In August 2016, the National Institutes of Health announced that it was lifting its ban on research that introduces stem cells from humans into animal embryos. Stem cells have the ability to evolve into any human cell and can grow into any human tissue. The goal of this type of research is to grow human tissues and eventually human replacement organs in animals. What an innovative way to improve upon transplantation medicine! But to realize this potential, we would create an organism that is part animal and part human! These hybrids are the stuff of ancient mythology. These mixtures of different animals are called chimeras after the mythical ancient Greek creature that was part lion, snake and goat. One goal of today’s research is to produce tissues and organs for experimentation that will improve our understanding of human disease. An alternative and longer term goal would be to produce organs directly for human transplantation. Imagine an infinite source of human organs – one wears out and you produce a new one as a replacement.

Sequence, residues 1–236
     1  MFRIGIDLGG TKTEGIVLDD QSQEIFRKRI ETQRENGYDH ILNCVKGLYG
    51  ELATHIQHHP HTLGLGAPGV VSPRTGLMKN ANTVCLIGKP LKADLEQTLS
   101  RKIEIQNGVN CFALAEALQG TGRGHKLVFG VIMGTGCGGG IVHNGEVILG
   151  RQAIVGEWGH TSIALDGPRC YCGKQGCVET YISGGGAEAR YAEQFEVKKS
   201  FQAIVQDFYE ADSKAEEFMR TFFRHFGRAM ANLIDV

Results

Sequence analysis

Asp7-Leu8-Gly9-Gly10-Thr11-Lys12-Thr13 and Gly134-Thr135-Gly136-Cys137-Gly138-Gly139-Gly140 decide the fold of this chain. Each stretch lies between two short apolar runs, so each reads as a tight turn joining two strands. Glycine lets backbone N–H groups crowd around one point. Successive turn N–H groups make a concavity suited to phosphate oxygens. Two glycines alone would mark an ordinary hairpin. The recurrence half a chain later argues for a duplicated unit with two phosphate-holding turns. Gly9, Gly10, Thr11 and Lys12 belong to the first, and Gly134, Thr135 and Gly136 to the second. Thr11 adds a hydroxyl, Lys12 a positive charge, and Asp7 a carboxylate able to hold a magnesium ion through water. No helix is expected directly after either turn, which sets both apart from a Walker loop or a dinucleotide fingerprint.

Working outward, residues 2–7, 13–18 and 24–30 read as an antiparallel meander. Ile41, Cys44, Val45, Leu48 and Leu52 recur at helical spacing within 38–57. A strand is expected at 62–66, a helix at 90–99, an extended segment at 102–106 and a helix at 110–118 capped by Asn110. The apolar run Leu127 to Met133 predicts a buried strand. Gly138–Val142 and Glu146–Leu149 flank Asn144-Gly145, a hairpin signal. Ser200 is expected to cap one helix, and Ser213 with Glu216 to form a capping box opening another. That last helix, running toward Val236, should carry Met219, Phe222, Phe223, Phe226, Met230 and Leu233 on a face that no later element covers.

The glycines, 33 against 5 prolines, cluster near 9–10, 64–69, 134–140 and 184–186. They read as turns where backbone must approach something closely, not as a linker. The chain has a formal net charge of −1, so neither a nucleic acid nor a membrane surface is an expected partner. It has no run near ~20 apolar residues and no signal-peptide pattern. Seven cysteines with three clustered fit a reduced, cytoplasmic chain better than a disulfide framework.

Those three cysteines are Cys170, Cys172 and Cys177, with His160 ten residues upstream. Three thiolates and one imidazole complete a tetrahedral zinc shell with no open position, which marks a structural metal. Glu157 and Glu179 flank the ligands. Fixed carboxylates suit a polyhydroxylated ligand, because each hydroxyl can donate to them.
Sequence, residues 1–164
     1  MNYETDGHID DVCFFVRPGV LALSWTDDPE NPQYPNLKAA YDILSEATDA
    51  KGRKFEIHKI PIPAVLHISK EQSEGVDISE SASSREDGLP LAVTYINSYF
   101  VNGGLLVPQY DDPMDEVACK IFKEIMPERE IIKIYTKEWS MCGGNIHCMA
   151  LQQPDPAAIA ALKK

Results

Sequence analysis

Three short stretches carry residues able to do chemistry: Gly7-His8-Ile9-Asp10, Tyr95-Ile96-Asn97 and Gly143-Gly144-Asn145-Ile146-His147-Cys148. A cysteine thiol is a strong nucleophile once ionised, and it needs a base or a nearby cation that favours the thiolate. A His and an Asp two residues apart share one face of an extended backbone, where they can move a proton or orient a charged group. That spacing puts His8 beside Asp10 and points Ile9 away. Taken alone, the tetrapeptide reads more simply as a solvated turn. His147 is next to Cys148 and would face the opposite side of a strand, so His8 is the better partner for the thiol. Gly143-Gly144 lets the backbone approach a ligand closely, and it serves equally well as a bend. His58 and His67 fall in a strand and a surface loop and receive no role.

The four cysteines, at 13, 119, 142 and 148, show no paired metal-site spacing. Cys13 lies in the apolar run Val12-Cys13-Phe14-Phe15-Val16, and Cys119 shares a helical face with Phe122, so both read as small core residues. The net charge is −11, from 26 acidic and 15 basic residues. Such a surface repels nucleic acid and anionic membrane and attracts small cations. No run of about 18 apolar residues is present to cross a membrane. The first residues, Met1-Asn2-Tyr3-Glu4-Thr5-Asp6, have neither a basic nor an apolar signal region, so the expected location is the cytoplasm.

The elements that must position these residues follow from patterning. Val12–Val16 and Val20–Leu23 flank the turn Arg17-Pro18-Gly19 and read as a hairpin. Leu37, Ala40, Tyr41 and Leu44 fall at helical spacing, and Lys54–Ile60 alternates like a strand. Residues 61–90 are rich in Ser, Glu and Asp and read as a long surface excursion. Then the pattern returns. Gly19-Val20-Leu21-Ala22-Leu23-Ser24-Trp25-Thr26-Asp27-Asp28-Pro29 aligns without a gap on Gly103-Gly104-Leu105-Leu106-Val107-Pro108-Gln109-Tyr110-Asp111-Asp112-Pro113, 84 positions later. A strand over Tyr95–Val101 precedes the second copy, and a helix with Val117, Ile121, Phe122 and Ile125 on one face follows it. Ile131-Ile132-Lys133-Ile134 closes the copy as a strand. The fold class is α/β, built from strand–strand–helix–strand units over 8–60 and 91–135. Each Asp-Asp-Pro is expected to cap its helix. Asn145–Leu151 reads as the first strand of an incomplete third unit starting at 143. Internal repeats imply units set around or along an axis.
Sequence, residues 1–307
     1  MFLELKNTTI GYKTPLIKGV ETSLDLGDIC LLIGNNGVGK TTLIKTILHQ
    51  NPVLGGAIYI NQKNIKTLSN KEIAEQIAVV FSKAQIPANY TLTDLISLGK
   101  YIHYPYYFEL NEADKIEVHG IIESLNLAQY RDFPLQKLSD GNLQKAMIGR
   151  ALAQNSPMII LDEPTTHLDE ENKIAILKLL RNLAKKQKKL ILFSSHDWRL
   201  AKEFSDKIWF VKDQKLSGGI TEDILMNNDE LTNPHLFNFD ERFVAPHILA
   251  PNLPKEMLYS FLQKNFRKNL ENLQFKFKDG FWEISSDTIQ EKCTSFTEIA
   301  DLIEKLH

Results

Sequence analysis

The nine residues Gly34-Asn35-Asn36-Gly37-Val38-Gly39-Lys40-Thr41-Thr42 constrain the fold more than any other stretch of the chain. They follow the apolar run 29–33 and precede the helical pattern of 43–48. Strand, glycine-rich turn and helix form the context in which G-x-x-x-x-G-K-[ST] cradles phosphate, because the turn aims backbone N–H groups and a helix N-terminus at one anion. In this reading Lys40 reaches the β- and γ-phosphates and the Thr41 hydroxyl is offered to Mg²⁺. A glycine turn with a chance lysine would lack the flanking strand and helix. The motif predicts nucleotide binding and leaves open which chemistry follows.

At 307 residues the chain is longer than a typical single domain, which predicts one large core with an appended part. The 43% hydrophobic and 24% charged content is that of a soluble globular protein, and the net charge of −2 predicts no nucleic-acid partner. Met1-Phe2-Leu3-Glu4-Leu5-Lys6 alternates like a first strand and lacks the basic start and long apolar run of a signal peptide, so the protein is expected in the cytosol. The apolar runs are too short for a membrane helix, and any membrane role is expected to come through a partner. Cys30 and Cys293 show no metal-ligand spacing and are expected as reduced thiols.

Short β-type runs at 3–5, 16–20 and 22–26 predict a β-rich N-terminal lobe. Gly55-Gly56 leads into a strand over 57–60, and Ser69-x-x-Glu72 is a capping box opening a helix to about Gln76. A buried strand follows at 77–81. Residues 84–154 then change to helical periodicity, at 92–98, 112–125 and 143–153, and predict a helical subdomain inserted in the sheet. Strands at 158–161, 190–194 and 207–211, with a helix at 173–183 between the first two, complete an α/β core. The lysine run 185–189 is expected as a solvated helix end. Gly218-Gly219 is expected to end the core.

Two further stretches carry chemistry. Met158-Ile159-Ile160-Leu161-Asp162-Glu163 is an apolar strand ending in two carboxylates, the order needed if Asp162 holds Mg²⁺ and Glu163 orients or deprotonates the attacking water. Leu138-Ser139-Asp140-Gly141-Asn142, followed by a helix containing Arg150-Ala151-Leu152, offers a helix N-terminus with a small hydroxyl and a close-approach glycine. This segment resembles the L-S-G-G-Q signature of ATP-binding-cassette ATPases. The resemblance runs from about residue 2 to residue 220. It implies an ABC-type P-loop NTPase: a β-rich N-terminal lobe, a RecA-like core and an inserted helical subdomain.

When human stem cells are introduced into an animal embryo, that creature becomes part human.
So does a part-human creature have rights?
If so, how do those rights differ from those of a full human?
These are the kinds of questions that ethicists are starting to wrestle with.
The thought of creating human-animal hybrids just for the purpose of growing organs which will be used for medical transplants is beyond disturbing. But this is what our scientists actually intend to do. Read full report